Among all of Saint-Ex’s writings, The Little Prince is unique: a dreamlike story presented as a “tale for children,” a work in which the author’s text and illustrations are inextricable. Another of this book’s peculiarities: Saint-Exupéry apparently took great pleasure in writing it, which seems to have been fairly unusual for him. It is all the more unusual given that at the time, during his American exile, he was in a bad state psychologically, socially, and domestically. His biographer, Stacy de La Bruyère, writes that Silvia Hamilton-Reinhardt, a friend of Saint-Ex’s at whose place in New York he would frequently spend time to write, reported that “she often heard him chuckle with pleasure while writing his story.” By setting aside the text’s obvious charm and poetry and analyzing it “coldly,” from a distance, it can be observed that all of the themes and even the characters of The Little Prince can be found scattered, here and there, throughout Saint-Exupéry’s earlier writings. It is as though Saint-Ex, deliberately and consciously—or perhaps not—brought together in this little story the essential part of the message that he had wanted to deliver through the rest of his opus: as though this tale explains the very essence of the author, and condensed his substance.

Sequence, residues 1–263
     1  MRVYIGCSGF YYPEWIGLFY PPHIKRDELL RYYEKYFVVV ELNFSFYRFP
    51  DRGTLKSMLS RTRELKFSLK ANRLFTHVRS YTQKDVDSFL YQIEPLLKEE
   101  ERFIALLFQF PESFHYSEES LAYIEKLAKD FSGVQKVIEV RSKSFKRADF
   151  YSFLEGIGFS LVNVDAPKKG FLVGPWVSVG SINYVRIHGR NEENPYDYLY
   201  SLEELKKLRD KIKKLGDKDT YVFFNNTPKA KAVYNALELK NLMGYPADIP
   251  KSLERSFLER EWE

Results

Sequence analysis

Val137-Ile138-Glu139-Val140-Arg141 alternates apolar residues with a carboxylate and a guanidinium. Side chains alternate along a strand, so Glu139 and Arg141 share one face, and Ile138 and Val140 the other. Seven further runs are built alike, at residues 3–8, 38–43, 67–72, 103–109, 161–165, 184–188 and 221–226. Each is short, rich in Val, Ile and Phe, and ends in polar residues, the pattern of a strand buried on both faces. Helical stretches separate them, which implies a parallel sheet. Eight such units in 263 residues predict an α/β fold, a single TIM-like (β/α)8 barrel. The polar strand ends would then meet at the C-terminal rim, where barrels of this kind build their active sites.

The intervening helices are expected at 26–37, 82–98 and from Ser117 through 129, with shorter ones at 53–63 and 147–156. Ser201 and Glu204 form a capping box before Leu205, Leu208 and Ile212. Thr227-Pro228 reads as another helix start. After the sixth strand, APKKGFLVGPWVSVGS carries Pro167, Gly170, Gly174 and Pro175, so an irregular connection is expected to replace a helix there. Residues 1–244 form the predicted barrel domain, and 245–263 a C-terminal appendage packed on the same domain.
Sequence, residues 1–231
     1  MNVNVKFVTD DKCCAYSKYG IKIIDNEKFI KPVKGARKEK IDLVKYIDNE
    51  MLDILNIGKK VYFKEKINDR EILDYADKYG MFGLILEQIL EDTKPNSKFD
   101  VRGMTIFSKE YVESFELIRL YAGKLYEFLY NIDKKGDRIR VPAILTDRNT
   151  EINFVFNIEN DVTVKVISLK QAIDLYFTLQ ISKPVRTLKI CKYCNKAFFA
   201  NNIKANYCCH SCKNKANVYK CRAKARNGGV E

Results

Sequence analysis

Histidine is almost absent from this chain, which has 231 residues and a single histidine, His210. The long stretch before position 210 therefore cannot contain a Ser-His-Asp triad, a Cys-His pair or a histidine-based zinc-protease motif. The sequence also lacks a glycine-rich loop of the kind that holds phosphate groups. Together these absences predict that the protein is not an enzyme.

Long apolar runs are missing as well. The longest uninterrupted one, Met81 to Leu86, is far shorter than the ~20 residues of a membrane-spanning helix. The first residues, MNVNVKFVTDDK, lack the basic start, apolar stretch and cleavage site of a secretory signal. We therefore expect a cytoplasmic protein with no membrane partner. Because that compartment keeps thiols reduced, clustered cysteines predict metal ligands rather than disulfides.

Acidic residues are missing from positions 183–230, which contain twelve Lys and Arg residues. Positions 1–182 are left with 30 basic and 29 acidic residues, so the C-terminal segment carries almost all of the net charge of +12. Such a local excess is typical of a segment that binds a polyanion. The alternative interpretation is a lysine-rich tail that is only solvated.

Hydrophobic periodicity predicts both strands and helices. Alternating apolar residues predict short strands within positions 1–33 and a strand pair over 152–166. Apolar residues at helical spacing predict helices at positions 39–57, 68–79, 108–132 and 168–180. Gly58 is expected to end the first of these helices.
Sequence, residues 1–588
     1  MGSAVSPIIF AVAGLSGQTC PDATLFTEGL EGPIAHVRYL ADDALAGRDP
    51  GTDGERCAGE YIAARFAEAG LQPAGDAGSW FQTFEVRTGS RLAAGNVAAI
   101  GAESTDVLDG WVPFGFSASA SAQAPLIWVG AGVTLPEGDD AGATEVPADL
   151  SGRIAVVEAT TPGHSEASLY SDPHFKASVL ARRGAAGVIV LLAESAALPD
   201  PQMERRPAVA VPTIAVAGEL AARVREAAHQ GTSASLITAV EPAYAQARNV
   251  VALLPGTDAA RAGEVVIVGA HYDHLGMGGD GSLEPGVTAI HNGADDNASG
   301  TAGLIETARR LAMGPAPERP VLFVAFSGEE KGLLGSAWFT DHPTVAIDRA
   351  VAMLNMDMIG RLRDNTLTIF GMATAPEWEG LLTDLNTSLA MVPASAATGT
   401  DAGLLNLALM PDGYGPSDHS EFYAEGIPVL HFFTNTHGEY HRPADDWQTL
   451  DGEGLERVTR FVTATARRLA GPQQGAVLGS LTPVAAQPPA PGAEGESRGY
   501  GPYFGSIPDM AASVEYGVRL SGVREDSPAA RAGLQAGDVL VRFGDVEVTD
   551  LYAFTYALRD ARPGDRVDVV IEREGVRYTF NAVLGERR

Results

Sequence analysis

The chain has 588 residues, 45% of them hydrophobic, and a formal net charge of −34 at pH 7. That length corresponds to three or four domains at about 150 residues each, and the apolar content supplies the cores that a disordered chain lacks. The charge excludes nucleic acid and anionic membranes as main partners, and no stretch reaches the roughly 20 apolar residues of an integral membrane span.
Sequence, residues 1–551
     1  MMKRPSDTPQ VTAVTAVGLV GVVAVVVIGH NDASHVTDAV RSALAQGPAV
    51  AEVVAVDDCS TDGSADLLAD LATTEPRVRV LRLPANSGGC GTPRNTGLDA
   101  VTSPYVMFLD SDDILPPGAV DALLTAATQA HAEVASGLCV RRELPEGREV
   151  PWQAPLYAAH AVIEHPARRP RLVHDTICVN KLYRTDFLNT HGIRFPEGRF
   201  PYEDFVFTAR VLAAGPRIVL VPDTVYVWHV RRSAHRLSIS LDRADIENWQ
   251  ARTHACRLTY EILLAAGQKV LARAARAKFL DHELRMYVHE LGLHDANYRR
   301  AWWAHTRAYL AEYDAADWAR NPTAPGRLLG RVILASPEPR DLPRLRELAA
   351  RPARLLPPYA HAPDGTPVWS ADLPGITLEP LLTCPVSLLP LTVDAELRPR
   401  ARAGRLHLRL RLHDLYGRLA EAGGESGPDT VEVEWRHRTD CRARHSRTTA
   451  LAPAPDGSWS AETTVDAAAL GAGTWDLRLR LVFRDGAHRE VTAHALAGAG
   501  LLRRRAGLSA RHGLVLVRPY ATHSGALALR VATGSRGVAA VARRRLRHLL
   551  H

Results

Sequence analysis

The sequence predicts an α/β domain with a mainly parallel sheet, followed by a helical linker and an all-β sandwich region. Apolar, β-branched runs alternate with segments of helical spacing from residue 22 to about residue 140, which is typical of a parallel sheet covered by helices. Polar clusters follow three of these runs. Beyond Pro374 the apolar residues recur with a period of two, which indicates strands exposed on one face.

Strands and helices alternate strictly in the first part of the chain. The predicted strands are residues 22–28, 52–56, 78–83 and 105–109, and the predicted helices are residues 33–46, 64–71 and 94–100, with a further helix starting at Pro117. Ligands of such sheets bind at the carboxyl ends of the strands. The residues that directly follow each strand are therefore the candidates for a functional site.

And what if The Little Prince were a culmination?
What if, when he was ensconced in Silvia Hamilton-Reinhardt’s living room to write and draw, he “chuckled with pleasure” because he had finally found himself again, because he was finally overcoming his exile—his self-exile—because he was finally reunited with his “beginnings,” his childhood? “And so, I seem to have come to the end of a long pilgrimage. I have discovered nothing, but as though waking from sleep, I simply see again what I was no longer looking at,” he wrote in Flight to Arras. And what if the “teachings” of The Little Prince were to be found here: in this reunion, this rediscovery of a childhood that everyone vaguely yearns for, to put their scattered days back together again and experience their life’s meaning, to become who they truly are?
Adapted from DISCOVERING THE HIDDEN WISDOM OF THE LITTLE PRINCE: IN SEARCH OF SAIN-EXUPERY’S LOST CHILD, by Pierre Lassus, translated from the French by Gretchen Schmid. Copyright © 2014 by Éditions Albin Michel. English-language translation copyright © 2017 by Skyhorse Publishing, Inc. Reprinted by permission of Skyhorse Publishing, Inc.